9. Playing with Knex helped a dysgraphic child I know. It was actually rather terrifying what a difference a standard toy made in his handwriting in just a few months.


Post a Comment

Popular posts from this blog

The Gift (Our NFP story) Part 2

(You can read  Part 1 here

     So, by the time Andrew was 18 months old, we knew God was saying no to having more children at the time.  And, as mentioned before, He provided so much peace about it, that we knew we had discerned correctly.  Yet, even with that peace, I had to mourn the fact the we might not ever have any more children.  Yes, we were still open to life, of course, but from the time after Andrew’s birth, until today, we practiced NFP faithfully to avoid pregnancy.  And it took time to accept that we might not have any more children.  There were times when I would hold a friend’s new born baby and then go home and cry because I knew I might not ever know the joy of holding my own baby again.  We live in a community where life is celebrated and families are large.  Usually more than one friend is pregnant at a time.  In those early days, each pregnancy announcement was met with great joy for the friend, but often left me with an empty feeling.  I understood, in many way…

My verse for the year

But now, O LORD, You are our Father, We are the clay, and You our potter; And all of us are the work of Your hand.   Isaiah 6:48

There are boxes being unpacked in our home.  Boxes packed and meant to be unpacked in a different home, our new home, in a matter of two weeks.  

About two weeks before Christmas things changed.  Situations changed.  And what we were convinced was God's will just months before, seemed so unlike it now.  Things beyond our control happened and suddenly we were praying and we felt that the best and only solution was to walk away from this new house.  And at the end of  a week of uncertainty, anxiety and tension, once the decision was made to walk away from the house, there was a great deal of peace.   But, as the dust settles from the decision, even though we know it is the best for everyone involved, there is still sadness, still this sense of loss.  As we have prayed again and again, we know each of all of the steps we have made in this whole house journey …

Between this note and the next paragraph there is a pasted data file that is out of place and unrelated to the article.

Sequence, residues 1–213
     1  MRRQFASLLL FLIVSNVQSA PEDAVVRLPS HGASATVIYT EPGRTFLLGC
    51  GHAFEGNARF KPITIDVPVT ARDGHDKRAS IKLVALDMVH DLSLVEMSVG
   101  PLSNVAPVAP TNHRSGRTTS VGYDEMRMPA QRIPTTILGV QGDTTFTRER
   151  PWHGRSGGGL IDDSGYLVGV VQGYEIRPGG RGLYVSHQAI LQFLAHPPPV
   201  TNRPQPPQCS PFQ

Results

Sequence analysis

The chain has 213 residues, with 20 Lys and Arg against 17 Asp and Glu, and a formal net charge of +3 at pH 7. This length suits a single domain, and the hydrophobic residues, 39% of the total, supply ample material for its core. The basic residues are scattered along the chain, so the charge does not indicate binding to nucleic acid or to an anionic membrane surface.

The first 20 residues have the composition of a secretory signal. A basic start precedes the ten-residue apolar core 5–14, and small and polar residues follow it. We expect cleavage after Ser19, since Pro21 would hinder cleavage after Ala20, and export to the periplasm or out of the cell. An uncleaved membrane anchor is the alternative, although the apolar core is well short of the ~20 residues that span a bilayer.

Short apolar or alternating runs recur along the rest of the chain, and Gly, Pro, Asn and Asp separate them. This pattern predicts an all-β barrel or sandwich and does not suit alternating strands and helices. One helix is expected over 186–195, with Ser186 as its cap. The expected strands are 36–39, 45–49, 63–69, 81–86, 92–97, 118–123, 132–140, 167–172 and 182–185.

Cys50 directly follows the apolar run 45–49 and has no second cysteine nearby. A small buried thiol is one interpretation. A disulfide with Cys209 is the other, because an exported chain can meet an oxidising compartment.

On Waiting

This past weekend we went to a book party for a priest friend who had his second book Living the Beatitudes:A Journey to Life in Christ published last fall.  The party was hosted by another Catholic author.  And, after the cake was cut and people were sitting quietly, the host of the party began to speak.  He began to talk about how great this book is and how insightful so much of it is.  Then he began to share quotes from it.  And I felt as if he chose two of them for me:

"Waiting is the training ground of trust."

"Beauty is the crescendo of waiting"
Now, although we have this book and my husband has read it, I have not (sorry, Fr. B).  But that night, I sat with the book while my hubby and I sat down to attempt to watch a movie and I scoured the book for the above quotes.  Too shy to ask the host for the pages for these quotes, I skimmed page by page until I found them.  And after I found the first quote, I was confronted with line after line about waiting.  I read…